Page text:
The Kalahari Desert is a wild and untamed place stretching across 350,000 square miles of southern Africa. The arid expanse of land crosses through parts of Botswana, Namibia, and South Africa, and while it is an incredibly dry place, it is still home to a diverse amount of plant and animal life, including giraffes, elephants, hyenas, lions and more. It is a challenging place for any human being to survive in, but that isn’t stopping three adventurous endurance athletes from attempting to cross it on foot none the less.
Dubbed the Trans-Kalahari Run, this expedition will send three friends, Jukka Viljanen and Kirsi Montonen, both from Finland, along with Greg Maud, of South Africa, along a 1000km (620 mile) route that stretches west to east across some of the most wild parts of Botswana. The trio hopes to cover approximately 50km (31 miles) per day, for 20 straight days, in hopes of completing their quest. That’s the equivalent of running more than a marathon, plus five miles, every day for nearly three weeks, through some of the most demanding terrain on the planet.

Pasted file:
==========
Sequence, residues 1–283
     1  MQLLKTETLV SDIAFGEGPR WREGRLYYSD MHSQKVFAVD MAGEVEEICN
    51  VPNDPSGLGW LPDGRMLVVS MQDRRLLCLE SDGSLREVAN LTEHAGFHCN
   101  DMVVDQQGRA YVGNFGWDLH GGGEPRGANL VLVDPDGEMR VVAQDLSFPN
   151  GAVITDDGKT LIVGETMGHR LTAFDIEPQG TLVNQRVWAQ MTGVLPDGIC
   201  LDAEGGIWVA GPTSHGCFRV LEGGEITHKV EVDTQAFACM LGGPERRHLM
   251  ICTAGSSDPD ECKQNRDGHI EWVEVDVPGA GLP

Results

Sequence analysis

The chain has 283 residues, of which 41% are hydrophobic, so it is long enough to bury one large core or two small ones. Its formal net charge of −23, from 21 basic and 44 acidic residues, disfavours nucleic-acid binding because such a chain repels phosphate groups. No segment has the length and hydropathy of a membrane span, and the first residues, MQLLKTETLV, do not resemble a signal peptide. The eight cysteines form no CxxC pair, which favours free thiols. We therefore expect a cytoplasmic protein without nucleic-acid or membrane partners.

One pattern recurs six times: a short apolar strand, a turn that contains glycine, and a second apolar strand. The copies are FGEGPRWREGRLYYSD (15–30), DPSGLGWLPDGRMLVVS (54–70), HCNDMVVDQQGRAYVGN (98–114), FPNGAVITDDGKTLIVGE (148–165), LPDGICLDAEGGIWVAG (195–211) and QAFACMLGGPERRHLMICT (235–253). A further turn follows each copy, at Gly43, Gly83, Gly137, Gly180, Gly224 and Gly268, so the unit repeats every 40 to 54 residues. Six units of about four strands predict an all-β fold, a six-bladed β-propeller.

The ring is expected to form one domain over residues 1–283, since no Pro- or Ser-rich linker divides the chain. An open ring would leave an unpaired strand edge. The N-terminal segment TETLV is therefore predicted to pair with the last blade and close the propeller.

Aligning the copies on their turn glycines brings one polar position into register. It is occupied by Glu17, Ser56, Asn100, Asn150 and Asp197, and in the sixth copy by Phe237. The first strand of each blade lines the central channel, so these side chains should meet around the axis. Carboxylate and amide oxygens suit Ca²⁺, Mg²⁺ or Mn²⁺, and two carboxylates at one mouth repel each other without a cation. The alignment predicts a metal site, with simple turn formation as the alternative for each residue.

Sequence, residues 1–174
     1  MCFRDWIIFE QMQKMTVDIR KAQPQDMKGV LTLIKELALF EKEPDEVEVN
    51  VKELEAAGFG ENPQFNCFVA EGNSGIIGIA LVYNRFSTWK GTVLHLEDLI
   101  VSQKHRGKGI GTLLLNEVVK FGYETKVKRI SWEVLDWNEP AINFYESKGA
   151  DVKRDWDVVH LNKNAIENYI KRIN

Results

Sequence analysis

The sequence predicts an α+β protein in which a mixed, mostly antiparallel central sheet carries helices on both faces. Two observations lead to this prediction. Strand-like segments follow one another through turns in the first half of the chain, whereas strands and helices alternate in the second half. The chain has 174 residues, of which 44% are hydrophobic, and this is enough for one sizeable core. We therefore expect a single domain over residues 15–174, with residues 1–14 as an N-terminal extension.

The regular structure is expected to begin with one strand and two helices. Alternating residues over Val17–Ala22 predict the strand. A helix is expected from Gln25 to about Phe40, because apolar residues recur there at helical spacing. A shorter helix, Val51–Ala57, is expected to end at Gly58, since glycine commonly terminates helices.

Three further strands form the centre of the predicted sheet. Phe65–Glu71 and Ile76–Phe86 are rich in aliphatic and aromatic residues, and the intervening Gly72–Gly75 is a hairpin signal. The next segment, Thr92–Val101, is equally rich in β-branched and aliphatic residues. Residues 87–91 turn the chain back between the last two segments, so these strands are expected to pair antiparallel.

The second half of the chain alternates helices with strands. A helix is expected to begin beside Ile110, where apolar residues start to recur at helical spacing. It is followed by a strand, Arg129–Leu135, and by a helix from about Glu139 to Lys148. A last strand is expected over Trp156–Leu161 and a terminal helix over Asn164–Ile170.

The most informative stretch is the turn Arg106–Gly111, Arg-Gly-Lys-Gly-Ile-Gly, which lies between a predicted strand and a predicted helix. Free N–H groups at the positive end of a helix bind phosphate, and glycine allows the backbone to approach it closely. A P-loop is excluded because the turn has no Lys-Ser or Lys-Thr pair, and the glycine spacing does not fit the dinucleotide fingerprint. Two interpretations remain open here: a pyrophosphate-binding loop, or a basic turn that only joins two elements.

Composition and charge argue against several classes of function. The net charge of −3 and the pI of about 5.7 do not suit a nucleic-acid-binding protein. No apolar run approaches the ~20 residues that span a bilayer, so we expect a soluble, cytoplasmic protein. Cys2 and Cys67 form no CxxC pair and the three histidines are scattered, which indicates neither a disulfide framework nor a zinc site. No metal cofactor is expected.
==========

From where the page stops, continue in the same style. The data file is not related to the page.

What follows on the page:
While this will be an amazing adventure, and a great test of endurance for these long distance runners, they aren’t doing it just for the experience. This adventurous threesome is also hoping to raise awareness and funds for Cheetah Conservation Botswana, an organization that works tirelessly to preserve the population of those speedy felines in Africa, and obviously most specifically in Botswana. Cheetahs have a difficult time competing against other predators in the game preserves, so they are often forced to live in the more marginal border regions where they are hunted and killed by the indigenous people there who see them as a threat to their livestock. CCB is hoping to protect these big cats through community outreach and education with those rural communities, teaching them how to coexist with the Cheetahs.
Jukka, Kirsi, and Greg began their run yesterday, and they are promising daily updates to their blog, so we can all follow along with their progress. They got off to a good start, with a warm-up run of 26km (16 miles), but the real challenges, and adventure lie ahead.
[Photo credit: Elmar Thiel via WikiMedia]